Another implication of this “law” ties into the consumer’s right to repair. Consider a consumer who has their private data stored on a personal device but modifies or repairs that device in some way that leaves the device susceptible to attack or breach.

Who is responsible? The manufacturer or the consumer?

CCPA does not provide guidance on this leaving ambiguity and potential loopholes.

While businesses may comply within these exemptions and services loopholes, that shouldn’t exclude them from the basic ethical obligation they have to inform their customers on what they plan to do with their data.

And these exemptions aren’t winning any favors with consumers, which is why nearly half of Americans don’t trust the government or social media sites to protect their data.

While governments are attempting to help by enacting privacy legislation, consumers must take the protection of their privacy into their own hands by following a few basic guidelines.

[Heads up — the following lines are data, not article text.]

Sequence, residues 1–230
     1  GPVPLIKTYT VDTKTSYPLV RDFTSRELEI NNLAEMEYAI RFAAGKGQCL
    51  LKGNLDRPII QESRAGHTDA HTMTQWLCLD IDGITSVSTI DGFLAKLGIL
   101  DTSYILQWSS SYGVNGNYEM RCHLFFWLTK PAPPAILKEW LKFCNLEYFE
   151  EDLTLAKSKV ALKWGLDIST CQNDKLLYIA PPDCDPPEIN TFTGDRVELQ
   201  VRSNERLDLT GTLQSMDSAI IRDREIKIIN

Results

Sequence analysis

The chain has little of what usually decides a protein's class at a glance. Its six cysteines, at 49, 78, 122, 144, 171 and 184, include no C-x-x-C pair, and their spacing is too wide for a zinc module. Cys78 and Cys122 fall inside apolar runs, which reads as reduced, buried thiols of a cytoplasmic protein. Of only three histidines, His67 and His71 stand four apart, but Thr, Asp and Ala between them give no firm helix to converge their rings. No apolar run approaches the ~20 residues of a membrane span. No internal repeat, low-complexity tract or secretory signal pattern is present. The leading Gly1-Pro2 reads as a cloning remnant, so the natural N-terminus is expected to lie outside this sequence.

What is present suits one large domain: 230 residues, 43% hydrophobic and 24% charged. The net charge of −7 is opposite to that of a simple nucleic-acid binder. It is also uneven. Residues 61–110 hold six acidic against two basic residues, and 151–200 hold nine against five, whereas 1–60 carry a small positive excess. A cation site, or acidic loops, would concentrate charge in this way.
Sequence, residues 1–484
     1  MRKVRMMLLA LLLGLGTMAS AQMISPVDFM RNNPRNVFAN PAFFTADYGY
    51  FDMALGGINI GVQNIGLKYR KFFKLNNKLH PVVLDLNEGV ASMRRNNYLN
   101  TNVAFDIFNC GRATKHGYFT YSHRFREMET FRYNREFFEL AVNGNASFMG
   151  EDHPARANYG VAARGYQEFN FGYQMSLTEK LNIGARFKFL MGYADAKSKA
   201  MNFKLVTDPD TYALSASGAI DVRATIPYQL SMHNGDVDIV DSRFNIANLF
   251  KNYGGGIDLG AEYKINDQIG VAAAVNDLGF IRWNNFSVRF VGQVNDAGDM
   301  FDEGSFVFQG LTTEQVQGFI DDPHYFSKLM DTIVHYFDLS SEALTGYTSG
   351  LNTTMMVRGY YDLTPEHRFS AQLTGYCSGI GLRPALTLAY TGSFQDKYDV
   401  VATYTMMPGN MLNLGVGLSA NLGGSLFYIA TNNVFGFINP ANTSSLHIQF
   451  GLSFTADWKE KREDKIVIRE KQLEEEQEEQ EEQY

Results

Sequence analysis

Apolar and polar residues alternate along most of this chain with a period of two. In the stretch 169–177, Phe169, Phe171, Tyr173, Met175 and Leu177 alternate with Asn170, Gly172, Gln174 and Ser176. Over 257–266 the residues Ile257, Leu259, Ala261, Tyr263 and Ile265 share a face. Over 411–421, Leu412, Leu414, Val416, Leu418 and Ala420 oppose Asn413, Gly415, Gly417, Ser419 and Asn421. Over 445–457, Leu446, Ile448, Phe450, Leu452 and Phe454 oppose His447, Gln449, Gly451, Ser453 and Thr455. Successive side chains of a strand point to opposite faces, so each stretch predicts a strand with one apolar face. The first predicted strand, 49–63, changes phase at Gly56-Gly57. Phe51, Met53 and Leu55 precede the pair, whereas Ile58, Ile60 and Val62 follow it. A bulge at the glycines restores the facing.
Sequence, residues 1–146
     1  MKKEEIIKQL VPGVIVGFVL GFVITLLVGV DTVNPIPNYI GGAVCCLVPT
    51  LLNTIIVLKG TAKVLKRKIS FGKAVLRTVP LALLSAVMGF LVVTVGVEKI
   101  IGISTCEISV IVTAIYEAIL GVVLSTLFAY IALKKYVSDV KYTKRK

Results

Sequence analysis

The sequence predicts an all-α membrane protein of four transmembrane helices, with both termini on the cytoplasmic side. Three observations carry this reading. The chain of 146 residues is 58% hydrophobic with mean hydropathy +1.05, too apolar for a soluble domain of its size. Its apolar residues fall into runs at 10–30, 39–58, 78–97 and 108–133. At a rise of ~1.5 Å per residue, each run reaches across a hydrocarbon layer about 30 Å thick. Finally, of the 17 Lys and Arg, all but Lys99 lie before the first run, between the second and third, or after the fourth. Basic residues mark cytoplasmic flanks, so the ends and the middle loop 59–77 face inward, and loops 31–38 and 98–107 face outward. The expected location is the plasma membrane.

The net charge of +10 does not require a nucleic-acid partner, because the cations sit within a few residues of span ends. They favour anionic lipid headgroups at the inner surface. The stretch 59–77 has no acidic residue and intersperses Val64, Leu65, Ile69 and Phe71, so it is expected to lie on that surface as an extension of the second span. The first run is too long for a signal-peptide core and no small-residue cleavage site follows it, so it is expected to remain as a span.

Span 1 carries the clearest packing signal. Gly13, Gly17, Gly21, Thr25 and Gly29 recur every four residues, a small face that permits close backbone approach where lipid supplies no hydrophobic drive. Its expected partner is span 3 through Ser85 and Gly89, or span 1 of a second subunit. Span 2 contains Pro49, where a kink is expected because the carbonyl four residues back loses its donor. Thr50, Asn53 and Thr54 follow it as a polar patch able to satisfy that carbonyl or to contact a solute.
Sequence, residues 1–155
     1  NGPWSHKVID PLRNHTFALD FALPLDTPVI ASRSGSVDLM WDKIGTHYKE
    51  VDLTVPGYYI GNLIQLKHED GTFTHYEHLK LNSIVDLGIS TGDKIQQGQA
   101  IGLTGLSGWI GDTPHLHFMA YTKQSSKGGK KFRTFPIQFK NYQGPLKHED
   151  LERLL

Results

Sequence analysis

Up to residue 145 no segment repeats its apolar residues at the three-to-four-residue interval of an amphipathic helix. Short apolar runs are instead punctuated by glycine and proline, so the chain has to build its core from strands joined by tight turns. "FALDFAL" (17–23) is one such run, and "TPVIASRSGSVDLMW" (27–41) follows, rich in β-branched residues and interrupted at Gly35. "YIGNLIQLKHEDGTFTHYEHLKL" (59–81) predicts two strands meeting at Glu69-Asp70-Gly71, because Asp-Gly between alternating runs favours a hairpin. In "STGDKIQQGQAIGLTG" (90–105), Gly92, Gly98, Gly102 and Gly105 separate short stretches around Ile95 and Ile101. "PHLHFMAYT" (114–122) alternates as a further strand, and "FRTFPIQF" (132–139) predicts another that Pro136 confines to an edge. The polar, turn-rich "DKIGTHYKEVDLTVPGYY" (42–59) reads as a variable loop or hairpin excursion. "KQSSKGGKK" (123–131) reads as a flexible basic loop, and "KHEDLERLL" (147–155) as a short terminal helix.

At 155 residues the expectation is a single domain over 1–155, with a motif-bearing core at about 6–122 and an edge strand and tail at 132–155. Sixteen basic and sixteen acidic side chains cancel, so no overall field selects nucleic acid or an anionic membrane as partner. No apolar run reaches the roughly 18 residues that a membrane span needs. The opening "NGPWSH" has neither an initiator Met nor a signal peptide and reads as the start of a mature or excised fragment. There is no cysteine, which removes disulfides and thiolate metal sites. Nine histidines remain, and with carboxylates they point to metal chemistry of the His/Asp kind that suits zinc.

Don’t Open that Link

Phishing attempts have grown 65% in the last year and those attacks account for 90% of data breaches. And attackers are finding new ways to make their phishing scams even harder to detect.

An example shows how these attacks are now happening in real-time. The bad actor pretends to be known to the user who claims to have limited cellphone reception, so a confirmation call is not possible. The victim then helps, which then leads to handing over sensitive data to the attacker.

While phishing is getting harder to detect, there are ways to defend against them.

For instance, if there is a request to click on a link, CHECK to see if there any misspellings or weird characters in the URL.

In these cases, it’s a safe bet you can just delete the email (and link) right away.

Make it a habit to avoid clicking on links sent to you via email or social media solutions – especially those from your bank, utility companies, social networks, etc.